|"I'm currently having a little trouble 'swallowing' certain Church teachings concerning sexual orientation, contraceptive use, gender roles... I guess all-in-all, I'm having issues with the Church's constant obsession with sex. Your work is very informative. Prior to reading it, I had never seen such a robust body of church history, tradition, sacred scripture, and philosophical commentary concerning homosexuality and Catholicism. Excellent work! You've done a great service to young LGBT Catholics, such as myself, struggling to reconcile our God-given natures with our God-given faith. Thank you!!!" [Private Communication from a Catholic layman]|
|"While I'm not of one accord with some of your arguments, on the whole you present an intelligent and wide-encompassing view of Catholicism and homosexuality. I'm a 21 year old, queer Catholic living in a university town within America's Bible Belt; many of your comments are particularly pertinent to my parish as I constantly see debates and debaucles between "conservatives" and "liberals" or "orthodox" and "heretics" as some put it. I hope your voice finds its way to more ears needing to hear a little more reason." [Private Communication from a Catholic layman]|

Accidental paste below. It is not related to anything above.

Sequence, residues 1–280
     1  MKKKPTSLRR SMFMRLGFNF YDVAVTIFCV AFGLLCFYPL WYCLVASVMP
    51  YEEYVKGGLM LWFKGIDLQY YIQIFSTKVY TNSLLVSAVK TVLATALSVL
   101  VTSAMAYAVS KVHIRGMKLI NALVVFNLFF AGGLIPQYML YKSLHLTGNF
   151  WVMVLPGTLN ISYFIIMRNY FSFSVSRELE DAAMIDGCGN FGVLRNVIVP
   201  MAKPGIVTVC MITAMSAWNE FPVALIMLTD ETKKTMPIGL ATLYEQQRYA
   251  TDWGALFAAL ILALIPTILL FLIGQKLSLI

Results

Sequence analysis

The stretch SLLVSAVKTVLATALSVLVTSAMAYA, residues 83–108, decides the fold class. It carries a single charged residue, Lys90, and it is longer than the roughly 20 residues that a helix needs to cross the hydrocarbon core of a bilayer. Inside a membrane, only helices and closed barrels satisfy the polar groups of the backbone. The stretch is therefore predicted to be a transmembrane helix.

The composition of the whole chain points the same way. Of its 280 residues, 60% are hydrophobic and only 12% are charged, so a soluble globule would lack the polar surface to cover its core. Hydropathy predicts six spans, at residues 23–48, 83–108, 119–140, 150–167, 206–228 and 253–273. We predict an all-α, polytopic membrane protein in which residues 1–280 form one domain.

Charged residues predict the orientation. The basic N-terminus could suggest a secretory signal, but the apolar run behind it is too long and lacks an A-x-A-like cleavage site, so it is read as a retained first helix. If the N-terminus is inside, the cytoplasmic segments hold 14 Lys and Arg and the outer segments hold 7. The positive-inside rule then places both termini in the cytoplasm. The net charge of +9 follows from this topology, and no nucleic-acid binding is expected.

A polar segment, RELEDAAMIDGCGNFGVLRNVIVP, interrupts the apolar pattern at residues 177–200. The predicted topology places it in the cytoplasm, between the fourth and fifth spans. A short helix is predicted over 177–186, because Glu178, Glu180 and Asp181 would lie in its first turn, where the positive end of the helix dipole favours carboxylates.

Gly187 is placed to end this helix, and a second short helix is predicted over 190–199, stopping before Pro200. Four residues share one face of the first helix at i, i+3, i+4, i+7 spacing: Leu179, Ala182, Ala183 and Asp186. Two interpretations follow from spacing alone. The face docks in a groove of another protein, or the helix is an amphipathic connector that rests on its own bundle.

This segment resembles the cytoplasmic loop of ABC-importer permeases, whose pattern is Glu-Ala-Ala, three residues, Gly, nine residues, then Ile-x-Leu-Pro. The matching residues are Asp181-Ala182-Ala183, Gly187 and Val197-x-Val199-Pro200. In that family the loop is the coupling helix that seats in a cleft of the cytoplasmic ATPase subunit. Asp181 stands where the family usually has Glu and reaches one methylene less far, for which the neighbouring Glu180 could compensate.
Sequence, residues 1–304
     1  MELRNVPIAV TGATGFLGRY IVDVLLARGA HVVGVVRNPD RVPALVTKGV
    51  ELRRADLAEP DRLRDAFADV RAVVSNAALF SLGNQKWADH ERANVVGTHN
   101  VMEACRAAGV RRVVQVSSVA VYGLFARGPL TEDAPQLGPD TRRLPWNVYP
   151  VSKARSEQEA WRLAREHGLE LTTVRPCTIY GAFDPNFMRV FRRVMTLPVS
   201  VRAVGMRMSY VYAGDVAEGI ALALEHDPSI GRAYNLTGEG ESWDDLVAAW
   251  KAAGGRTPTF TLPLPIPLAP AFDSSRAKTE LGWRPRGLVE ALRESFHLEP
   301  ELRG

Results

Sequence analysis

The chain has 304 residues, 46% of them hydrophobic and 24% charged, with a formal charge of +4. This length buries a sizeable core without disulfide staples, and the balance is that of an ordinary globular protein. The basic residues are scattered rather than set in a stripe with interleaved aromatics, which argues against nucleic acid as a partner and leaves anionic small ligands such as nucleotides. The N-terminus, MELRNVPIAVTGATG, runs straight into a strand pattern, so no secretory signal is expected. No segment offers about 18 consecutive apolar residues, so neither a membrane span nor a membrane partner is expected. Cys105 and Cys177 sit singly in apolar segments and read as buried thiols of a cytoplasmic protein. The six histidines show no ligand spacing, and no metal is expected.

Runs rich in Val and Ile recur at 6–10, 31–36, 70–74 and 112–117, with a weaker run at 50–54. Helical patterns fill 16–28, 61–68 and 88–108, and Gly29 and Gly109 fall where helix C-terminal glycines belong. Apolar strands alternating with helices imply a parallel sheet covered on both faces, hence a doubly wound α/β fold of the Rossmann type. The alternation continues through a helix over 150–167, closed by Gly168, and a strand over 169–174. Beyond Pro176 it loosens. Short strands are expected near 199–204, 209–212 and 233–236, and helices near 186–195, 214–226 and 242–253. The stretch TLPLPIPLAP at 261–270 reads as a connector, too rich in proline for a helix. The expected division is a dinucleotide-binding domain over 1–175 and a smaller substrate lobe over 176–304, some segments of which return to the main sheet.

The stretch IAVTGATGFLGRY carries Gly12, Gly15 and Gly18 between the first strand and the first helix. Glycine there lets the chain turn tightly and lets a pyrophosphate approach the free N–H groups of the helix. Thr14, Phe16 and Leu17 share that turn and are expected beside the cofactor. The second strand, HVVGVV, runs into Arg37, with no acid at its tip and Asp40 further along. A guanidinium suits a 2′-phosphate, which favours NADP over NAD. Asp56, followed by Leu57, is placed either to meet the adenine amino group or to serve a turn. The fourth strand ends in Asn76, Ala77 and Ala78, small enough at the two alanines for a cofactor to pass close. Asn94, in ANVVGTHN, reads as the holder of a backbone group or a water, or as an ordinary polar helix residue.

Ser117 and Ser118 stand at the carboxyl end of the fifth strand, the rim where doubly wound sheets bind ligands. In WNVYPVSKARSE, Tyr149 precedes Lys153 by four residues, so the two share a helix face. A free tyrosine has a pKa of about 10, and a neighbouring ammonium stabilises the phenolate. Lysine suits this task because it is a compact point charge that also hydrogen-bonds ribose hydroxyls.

|"I'm a Catholic lesbian, 23 this August. I'm still in
University and while I'm interested in theology, I'm not very well-schooled
in it. My training has been largely in the fine arts (literature and theatre),
and I've only taken one philosophy class during my entire university career.
I want to thank you for providing such a wonderful resource to LGBT Catholics.
I feel great hope when reading your work - especially
as I have spent the last four years of my life feeling on some level that
I had to choose between my faith and a full expression of my sexuality.